Stocks rallied on Tuesday, led by the tech, industrial and materials sectors, driving the Dow and the S&P 500 to 18-month highs.

Signs of improved demand in the semiconductor industry and a broker's positive commentary on Caterpillar lifted blue chips, while tech bellwethers Apple and Cisco hit 52-week highs, indicating increased optimism among investors. Kraft , a Dow component, also hit a 52-week high.

Caterpillar Inc led the Dow industrials higher after Wells Fargo raised price targets on the company's stock on expectations for strong longer-term growth. The stock climbed 4.1 percent to $62.41.

Industrials have been among the best performers so far this year, so they're getting a lot of the momentum money, said John Massey, portfolio manager at SunAmerica Asset Management in Jersey City, New Jersey. I think it's clear we're on an upward path.

The S&P industrials sector<.GSPI> was the S&P 500's best-performing sector, with the S&P materials sector <.GSPM> also lending support. Both indexes ended slightly above 1 percent.

Semiconductor stocks were also strong performers, lifting the Nasdaq. The Philadelphia semiconductor index <.SOXX> rose 2.3 percent, while Intel Corp gained 1.9 percent to $22.67. Integrated Silicon Solution Inc surged 14.6percent to $8.58 a day after it raised its second-quarter revenue and earnings outlook.

According to Stifel Nicolaus, which cited a media report, Taiwan Semiconductor Manufacturing forecast full-year revenue growth of 22 percent, compared with a previous expectation of 18 percent. The company's U.S.-listed stock rose 0.9 percent to $10.27 on the New York Stock Exchange.

The Dow Jones industrial average <.DJI> rose 102.94 points, or 0.95 percent, to 10,888.83. The Standard & Poor's 500 Index <.SPX> gained 8.36 points, or 0.72 percent, to 1,174.17. The Nasdaq Composite Index <.IXIC> shot up 19.84 points, or 0.83 percent, to 2,415.24.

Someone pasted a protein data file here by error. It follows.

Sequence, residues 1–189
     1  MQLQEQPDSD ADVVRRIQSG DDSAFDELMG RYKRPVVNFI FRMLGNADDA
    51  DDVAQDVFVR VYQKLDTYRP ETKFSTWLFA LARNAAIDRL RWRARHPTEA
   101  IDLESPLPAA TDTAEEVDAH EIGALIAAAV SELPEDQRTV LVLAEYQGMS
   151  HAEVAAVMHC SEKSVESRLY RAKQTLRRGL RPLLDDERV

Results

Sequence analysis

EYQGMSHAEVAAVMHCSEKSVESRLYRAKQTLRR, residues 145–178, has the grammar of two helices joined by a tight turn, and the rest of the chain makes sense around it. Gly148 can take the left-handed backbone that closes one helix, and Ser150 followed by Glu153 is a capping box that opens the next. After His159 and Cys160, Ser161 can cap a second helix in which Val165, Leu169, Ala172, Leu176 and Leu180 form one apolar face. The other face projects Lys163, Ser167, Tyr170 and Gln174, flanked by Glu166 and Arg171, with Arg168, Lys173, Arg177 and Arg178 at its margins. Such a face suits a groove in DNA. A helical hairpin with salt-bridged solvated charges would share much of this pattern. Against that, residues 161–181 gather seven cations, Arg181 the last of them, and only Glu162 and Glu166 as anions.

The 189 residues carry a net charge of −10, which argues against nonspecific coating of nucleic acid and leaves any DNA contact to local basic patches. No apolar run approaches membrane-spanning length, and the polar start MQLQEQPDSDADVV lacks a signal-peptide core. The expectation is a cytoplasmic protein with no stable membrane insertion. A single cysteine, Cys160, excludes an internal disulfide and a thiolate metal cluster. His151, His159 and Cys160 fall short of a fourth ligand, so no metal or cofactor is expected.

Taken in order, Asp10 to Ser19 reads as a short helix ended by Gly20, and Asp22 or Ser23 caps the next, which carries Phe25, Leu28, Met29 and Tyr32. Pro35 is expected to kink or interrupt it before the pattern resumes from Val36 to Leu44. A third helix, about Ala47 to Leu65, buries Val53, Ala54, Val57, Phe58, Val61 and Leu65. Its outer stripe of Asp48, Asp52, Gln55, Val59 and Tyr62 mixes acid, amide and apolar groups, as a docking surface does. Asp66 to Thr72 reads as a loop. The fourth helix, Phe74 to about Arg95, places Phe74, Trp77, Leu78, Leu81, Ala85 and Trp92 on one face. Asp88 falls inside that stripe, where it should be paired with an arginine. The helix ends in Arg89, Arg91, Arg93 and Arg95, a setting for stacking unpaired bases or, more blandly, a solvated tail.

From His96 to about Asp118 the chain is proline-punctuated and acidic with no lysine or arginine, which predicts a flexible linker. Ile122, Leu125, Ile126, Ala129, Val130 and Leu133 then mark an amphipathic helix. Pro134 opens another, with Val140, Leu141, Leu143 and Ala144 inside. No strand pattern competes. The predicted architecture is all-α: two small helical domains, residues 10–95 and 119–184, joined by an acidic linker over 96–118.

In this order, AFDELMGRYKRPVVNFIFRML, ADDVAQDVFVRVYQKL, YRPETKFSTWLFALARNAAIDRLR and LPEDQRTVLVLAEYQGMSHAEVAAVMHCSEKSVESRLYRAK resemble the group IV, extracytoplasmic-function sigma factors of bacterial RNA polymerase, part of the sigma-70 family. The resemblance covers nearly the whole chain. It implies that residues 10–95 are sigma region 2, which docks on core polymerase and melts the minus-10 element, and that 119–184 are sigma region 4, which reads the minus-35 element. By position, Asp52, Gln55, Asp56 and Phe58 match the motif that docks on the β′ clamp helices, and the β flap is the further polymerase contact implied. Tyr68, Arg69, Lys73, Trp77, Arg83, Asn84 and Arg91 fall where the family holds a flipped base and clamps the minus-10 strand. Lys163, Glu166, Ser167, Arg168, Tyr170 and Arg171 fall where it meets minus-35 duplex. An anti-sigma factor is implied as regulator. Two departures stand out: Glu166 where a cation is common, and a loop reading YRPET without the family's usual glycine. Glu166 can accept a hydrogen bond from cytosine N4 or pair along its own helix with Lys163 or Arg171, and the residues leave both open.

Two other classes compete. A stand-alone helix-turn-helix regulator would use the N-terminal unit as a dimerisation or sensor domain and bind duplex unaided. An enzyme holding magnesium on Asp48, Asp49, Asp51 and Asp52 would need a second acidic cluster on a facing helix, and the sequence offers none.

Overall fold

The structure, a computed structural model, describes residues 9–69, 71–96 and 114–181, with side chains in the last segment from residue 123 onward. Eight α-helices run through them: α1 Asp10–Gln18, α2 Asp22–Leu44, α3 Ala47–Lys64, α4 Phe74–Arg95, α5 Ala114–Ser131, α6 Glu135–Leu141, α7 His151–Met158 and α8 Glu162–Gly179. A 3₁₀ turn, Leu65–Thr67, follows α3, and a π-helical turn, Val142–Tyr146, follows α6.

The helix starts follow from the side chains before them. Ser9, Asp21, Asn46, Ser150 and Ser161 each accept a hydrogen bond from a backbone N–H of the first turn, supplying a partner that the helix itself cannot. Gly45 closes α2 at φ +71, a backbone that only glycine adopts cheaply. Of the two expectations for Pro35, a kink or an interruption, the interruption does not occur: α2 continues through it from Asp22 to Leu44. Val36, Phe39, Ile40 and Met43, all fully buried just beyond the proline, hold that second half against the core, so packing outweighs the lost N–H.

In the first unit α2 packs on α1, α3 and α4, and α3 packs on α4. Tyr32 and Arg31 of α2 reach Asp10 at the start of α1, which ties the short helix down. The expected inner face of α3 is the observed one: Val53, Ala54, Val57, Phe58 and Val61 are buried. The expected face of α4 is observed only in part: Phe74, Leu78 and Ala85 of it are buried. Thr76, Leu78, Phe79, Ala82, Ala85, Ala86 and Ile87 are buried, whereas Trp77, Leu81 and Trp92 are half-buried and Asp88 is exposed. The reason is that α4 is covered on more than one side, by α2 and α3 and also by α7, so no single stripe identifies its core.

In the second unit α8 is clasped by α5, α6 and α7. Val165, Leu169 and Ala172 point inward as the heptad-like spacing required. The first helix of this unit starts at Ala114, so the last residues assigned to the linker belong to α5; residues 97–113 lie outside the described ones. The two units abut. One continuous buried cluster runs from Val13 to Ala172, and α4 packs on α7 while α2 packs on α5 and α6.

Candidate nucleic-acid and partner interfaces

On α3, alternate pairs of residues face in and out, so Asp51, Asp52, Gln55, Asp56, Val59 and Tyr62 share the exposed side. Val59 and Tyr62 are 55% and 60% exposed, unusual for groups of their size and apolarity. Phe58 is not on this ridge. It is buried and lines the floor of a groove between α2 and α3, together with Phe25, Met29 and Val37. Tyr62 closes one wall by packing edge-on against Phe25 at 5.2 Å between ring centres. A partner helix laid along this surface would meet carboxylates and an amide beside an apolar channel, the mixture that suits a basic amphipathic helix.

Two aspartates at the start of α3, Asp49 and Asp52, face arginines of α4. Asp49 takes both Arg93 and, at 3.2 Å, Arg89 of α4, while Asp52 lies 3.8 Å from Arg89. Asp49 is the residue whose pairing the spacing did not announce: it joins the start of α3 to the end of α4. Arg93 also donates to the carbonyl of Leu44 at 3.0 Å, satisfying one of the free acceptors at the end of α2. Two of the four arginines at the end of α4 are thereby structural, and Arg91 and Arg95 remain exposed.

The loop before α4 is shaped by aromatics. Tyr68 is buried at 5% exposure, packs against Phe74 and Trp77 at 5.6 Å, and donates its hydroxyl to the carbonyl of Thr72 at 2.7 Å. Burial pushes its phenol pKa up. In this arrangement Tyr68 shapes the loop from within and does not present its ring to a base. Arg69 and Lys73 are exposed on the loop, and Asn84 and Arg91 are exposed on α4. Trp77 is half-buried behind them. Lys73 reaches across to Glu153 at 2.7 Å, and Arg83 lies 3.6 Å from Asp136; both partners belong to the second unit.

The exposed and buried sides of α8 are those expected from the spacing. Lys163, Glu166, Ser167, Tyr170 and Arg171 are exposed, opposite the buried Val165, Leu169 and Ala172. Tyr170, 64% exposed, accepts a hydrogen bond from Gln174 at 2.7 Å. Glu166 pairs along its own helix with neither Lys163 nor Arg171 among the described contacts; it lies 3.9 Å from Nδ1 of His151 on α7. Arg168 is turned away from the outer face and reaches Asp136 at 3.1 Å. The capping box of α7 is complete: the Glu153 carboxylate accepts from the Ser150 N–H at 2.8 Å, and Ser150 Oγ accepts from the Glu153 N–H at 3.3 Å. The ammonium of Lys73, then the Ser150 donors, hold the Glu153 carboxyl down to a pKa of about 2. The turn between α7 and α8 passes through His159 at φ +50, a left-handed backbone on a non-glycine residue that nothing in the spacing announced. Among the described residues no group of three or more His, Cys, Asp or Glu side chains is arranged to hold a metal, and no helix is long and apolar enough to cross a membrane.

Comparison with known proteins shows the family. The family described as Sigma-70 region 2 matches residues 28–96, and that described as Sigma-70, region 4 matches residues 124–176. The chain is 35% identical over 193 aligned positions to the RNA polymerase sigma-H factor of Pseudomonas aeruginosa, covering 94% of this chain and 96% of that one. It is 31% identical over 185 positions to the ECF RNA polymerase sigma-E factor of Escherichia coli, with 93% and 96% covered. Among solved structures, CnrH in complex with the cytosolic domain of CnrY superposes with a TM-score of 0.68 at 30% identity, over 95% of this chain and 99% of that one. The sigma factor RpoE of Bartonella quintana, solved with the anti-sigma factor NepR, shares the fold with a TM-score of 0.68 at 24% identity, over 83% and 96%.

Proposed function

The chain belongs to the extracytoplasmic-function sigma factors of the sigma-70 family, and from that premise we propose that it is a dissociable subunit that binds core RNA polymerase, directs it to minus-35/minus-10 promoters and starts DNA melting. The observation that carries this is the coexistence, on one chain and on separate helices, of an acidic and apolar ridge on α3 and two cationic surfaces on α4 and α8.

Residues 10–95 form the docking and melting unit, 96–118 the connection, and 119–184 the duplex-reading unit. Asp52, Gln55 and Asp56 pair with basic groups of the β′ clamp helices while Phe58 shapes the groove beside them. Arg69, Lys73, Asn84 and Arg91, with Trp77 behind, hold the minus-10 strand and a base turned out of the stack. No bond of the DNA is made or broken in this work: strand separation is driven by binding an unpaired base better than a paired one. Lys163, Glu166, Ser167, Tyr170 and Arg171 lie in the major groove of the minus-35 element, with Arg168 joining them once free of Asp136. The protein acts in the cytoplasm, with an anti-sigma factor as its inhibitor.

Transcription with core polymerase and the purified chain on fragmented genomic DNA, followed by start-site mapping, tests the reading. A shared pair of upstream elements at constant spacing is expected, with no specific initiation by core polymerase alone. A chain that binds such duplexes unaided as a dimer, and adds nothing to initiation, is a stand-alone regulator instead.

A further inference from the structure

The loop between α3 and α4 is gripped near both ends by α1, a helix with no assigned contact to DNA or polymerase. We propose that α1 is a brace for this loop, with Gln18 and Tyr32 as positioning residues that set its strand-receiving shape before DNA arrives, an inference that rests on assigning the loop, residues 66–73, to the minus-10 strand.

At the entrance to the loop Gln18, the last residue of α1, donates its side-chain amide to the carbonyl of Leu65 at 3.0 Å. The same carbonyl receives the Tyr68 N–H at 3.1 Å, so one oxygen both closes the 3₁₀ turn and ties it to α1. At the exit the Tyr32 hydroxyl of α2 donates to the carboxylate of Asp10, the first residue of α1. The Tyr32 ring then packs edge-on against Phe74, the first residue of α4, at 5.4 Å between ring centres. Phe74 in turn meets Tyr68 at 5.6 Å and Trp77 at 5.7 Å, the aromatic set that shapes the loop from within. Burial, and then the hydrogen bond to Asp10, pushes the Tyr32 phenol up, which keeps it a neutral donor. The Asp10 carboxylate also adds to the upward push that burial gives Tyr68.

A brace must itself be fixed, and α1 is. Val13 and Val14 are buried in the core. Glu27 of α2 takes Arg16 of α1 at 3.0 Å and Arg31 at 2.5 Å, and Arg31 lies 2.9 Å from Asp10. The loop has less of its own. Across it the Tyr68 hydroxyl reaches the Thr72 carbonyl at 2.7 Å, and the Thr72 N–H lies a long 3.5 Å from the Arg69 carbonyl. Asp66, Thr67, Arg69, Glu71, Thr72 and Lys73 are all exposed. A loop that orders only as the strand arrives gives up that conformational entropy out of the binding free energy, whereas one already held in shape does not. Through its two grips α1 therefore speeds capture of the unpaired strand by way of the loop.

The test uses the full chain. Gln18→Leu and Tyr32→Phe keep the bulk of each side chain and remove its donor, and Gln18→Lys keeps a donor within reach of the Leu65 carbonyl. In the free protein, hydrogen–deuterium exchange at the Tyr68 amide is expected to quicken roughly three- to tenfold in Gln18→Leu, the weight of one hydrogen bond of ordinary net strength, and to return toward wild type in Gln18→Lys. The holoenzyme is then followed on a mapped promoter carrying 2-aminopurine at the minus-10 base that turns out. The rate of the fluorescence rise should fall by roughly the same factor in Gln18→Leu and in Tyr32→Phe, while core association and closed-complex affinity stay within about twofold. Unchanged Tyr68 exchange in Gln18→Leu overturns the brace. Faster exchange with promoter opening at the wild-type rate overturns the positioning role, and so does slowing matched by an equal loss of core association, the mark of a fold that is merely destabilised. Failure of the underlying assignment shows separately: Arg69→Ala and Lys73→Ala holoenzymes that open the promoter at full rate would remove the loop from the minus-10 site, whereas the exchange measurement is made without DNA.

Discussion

The Dow chalked up its 10th day of gains out of the past 11 sessions.

The Nasdaq Composite Index <.IXIC> ended at its highest level since August 18, 2008, or about a month before Lehman Brothers collapsed during the credit crisis.


After the closing bell, design software maker Adobe Systems gained 5.1 percent to $37 in extended trading after reporting an adjusted first-quarter profit that beat expectations. It also posted revenue above consensus.

On the downside, Jabil Circuit sank 5.5 percent to $17.34 after reporting its second-quarter results.

During the regular session, the U.S.-listed shares of Brazilian mining giant Vale rose 5.1 percent to $31.57 after the company on Tuesday implemented a more flexible pricing system for iron ore. Brazilian business daily Valor Economico reported that Vale was boosting iron prices by 114 percent in 2010.

Among U.S. metal companies, U.S. Steel Corp gained 4.9 percent to $63.32.

Earlier in the session, Wall Street got a hint of stabilization in the U.S. housing sector.

Existing home sales fell to an annual rate of 5.02 million units in February, the National Association of Realtors said. The decline was less than forecast, but highlighted the fragility of a housing recovery.

It's incremental good news that it was better than expected, but given the huge overhang of inventory, it's clear that housing will remain a troubled sector for awhile, said Jack Ablin, chief investment officer of Harris Private Bank in Chicago.

Builder KB Home dropped 1.7 percent to $17.15 after posting a wider-than-expected quarterly loss.

Healthcare stocks lagged, giving back some of Monday's gains after U.S. President Barack Obama signed the landmark healthcare reform bill into law on Tuesday.

The Morgan Stanley Healthcare Payor index <.HMO> dropped 0.3 percent and Cigna Corp fell 0.9 percent to $36.94.

U.S.-listed shares of Baidu Inc jumped 2.6 percent to $594.88 after rival Google Inc shut down its mainland China portal and began rerouting searches to its Hong Kong operation. Google shares slid 1.5 percent to $549.

About 8.03 billion shares traded on the New York Stock Exchange, the American Stock Exchange and Nasdaq, below last year's estimated daily average of 9.65 billion.

Advancing stocks outnumbered declining ones on the NYSE by a ratio of more than 2 to 1. On the Nasdaq, roughly two stocks rose for every one that fell.

(Reporting by Ryan Vlastelica; Editing by Jan Paschal)